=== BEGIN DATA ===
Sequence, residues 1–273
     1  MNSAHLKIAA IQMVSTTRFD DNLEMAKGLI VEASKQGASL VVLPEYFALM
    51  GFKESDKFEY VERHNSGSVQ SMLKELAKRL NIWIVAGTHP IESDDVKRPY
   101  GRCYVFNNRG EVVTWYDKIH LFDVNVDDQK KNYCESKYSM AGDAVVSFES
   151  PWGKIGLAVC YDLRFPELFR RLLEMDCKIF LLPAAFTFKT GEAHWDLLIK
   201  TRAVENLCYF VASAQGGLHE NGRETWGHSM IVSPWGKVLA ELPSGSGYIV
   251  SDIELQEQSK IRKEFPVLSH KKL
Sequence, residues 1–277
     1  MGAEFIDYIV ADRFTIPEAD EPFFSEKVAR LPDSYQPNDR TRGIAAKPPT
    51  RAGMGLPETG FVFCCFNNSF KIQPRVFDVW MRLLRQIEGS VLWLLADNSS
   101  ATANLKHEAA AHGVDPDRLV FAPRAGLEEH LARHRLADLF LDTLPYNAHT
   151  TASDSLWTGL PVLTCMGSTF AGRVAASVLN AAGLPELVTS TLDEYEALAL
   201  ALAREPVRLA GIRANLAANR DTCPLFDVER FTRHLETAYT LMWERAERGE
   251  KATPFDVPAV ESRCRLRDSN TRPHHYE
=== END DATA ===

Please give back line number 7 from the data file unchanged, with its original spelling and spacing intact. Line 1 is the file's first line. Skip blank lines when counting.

   251  SDIELQEQSK IRKEFPVLSH KKL